‘Motion Picture,’ July 1941: What movie stars are committing suicide?   Leave a comment

Posted by vp19 on 2013.06.04 at 18:16
Current mood: curiouscurious

carole lombard clark gable 01a

Rest assured, this story is far less morbid than its title implies, and even if that weren’t the case, Carole Lombard and Clark Gable wouldn’t be part of that crowd. Still, it must have caused a bit of prurient thinking from those who picked up a copy on the newsstand, with leggy Betty Grable on the cover, and caught a glimpse of the headline:

motion picture july 1941. large

It was a “teaser” (a strategy familiar to anyone who looks at supermarket tabloids today); the “suicide” here referred to careers, not lives. The gist of the story was that showmanship helped stars stay on top, and those who didn’t have that knack were doomed.

The good news for Clark and Carole, according to the article, was that both possessed that knack — even if they spent little time nightclubbing in favor of living in relative quiet at their Encino ranch:

motion picture july 1941db

Here’s the piece in its entirety:

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motion picture july 1941ba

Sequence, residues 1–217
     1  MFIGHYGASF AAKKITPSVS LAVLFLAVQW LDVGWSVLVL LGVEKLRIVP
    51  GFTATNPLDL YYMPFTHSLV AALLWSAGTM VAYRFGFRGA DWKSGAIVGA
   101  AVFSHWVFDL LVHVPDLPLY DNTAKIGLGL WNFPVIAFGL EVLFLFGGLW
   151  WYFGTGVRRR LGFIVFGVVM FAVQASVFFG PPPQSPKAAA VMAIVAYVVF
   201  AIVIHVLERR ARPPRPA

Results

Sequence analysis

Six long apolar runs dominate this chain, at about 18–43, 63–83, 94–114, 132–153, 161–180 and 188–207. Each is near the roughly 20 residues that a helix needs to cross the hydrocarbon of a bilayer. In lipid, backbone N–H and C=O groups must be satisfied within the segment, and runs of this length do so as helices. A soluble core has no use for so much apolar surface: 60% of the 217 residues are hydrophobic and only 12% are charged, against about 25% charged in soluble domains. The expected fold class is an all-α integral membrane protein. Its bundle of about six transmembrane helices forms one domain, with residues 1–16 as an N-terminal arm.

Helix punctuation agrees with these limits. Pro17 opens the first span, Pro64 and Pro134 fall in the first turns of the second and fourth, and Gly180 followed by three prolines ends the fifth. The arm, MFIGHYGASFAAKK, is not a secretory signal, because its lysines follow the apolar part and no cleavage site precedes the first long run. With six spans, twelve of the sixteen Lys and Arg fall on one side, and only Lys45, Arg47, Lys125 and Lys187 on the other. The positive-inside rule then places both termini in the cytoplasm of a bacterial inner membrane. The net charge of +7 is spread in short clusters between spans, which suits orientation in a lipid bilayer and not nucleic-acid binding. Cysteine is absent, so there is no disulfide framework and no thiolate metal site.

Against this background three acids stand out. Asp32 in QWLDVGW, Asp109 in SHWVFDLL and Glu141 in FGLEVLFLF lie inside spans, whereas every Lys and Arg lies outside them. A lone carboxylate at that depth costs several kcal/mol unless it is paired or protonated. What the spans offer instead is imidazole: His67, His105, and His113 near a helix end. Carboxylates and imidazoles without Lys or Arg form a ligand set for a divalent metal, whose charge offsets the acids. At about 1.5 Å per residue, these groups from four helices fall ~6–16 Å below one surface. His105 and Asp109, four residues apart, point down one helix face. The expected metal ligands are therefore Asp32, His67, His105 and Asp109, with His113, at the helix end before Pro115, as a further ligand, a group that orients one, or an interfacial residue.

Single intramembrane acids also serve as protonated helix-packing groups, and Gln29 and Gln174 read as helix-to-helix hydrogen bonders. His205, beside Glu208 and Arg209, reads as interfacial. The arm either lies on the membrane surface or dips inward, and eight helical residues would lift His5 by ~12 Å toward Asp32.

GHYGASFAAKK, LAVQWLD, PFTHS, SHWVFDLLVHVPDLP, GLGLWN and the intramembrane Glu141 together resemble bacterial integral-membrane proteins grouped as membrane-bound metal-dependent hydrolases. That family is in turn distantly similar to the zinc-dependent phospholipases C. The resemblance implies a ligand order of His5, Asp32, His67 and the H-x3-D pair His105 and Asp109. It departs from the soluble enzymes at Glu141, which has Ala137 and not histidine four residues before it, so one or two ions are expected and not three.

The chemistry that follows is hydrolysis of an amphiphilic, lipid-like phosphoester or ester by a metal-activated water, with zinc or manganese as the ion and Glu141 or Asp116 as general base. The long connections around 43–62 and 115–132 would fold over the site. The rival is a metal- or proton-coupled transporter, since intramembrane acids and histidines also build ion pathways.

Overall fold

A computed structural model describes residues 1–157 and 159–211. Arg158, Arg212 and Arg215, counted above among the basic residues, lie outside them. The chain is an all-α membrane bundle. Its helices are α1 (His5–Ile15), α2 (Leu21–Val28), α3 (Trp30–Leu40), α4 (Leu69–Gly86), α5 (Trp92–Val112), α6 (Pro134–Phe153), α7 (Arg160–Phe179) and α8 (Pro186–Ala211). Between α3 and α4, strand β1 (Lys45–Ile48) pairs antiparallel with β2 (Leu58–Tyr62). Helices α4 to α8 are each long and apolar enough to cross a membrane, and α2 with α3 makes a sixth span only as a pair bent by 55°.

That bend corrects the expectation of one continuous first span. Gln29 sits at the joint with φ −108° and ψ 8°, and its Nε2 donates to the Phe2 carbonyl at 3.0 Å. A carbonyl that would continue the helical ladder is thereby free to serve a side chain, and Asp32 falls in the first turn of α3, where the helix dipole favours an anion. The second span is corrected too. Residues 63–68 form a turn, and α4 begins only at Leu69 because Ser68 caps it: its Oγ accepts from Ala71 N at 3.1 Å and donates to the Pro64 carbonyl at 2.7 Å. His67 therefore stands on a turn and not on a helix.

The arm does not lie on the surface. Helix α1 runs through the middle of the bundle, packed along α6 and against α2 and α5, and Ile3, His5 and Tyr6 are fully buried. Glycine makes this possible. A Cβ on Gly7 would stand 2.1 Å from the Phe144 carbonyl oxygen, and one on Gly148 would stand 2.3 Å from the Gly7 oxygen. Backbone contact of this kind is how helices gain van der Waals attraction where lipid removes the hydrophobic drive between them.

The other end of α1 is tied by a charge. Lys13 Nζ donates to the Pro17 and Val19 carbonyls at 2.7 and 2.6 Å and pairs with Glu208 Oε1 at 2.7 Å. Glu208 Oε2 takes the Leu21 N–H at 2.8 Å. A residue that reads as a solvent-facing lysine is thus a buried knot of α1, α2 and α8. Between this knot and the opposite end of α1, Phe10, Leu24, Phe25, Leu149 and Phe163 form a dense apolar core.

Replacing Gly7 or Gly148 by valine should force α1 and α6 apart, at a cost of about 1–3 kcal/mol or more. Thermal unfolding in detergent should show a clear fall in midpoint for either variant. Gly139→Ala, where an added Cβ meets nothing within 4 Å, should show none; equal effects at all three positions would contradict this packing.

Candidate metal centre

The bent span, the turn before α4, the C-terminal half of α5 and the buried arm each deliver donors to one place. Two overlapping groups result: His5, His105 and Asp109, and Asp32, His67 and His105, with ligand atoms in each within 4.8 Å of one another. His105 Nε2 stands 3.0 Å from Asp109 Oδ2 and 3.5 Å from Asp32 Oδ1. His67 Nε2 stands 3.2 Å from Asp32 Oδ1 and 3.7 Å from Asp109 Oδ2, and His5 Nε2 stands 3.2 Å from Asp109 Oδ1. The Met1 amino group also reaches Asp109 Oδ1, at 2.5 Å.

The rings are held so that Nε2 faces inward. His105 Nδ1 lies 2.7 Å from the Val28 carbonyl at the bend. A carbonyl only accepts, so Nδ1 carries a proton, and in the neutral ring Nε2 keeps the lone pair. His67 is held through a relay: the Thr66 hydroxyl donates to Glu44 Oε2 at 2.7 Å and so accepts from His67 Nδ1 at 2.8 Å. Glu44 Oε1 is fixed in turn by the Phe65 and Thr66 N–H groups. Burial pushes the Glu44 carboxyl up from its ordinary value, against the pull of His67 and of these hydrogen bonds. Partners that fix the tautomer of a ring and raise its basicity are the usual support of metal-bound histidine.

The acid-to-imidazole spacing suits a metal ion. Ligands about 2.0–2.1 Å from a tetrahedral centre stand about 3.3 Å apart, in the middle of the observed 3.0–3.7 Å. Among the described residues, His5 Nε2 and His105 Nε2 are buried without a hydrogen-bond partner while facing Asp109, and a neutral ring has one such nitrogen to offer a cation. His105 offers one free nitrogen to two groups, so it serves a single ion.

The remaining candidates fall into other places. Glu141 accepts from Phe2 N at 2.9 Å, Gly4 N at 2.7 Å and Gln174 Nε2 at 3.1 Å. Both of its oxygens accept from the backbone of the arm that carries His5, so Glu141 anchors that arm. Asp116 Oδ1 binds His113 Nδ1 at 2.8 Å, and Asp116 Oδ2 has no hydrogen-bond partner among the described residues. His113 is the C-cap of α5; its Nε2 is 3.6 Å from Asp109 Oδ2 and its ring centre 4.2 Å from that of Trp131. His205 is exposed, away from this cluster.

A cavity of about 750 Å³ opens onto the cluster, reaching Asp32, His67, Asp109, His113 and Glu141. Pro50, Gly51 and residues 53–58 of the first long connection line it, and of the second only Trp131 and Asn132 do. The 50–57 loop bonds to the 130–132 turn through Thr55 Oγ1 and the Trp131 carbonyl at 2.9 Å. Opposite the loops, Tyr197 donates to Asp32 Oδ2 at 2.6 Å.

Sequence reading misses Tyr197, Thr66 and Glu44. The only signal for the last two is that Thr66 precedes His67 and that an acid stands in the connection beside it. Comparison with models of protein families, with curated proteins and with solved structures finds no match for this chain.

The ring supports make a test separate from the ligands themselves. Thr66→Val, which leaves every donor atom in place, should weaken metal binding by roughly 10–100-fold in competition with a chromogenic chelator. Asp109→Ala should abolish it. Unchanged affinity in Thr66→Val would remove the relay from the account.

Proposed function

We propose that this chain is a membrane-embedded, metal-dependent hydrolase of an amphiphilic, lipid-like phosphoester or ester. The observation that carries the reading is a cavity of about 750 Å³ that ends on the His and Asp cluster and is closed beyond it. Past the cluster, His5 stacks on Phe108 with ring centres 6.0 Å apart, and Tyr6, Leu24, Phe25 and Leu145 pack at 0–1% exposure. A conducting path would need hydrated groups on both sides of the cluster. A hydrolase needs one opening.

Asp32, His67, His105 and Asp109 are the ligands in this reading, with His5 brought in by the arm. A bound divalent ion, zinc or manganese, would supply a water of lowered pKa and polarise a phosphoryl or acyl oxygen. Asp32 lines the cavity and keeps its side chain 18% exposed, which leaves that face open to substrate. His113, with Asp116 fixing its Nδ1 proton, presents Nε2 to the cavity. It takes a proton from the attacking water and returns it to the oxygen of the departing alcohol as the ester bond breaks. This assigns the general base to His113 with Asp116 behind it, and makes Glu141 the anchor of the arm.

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motion picture july 1941dd

It’s interesting to see the stars the author says are and aren’t capitalizing on showmanship. In addition to Gable and Lombard, the former group includes Gene Autry, Errol Flynn, Lana Turner, Marlene Dietrich, Mickey Rooney and Charles Chaplin. Among those in the latter are Claudette Colbert, Ginger Rogers, Myrna Loy, Gary Cooper, Cary Grant, Alice Faye and Fred Astaire.

A lack of showmanship certainly didn’t hurt Astaire, Cooper and Grant during the ’40s (and it could be argued that for showmanship, all Astaire had to do was dance or sing). The female stars listed eventually fell out of favor, though in most cases it didn’t happen until after World War II. (It’s no secret audiences weren’t as forgiving to actresses aging as they were to actors.) And on the benefits of showmanship, Loy probably wasn’t too enthused about being promoted as a vamp at the start of the ’30s.

As for those on the pro-showmanship side, it could be argued that Autry’s stardom was in a genre (westerns) that was only beginning to escape its Saturday afternoon status, thanks to John Ford’s “Stagecoach” and the like. Audiences for Autry’s films expected showmanship, just as they had for his predecessor, Tom Mix. Chaplin, by now in movies for more than a quarter-century, had learned the value of showmanship in the nickelodeon era, while Dietrich probably cultivated her image to a greater extent than any of her contemporaries…although let’s not forget that Lombard didn’t do a bad job of it, either:

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Posted June 4, 2013 by vp19 in Uncategorized

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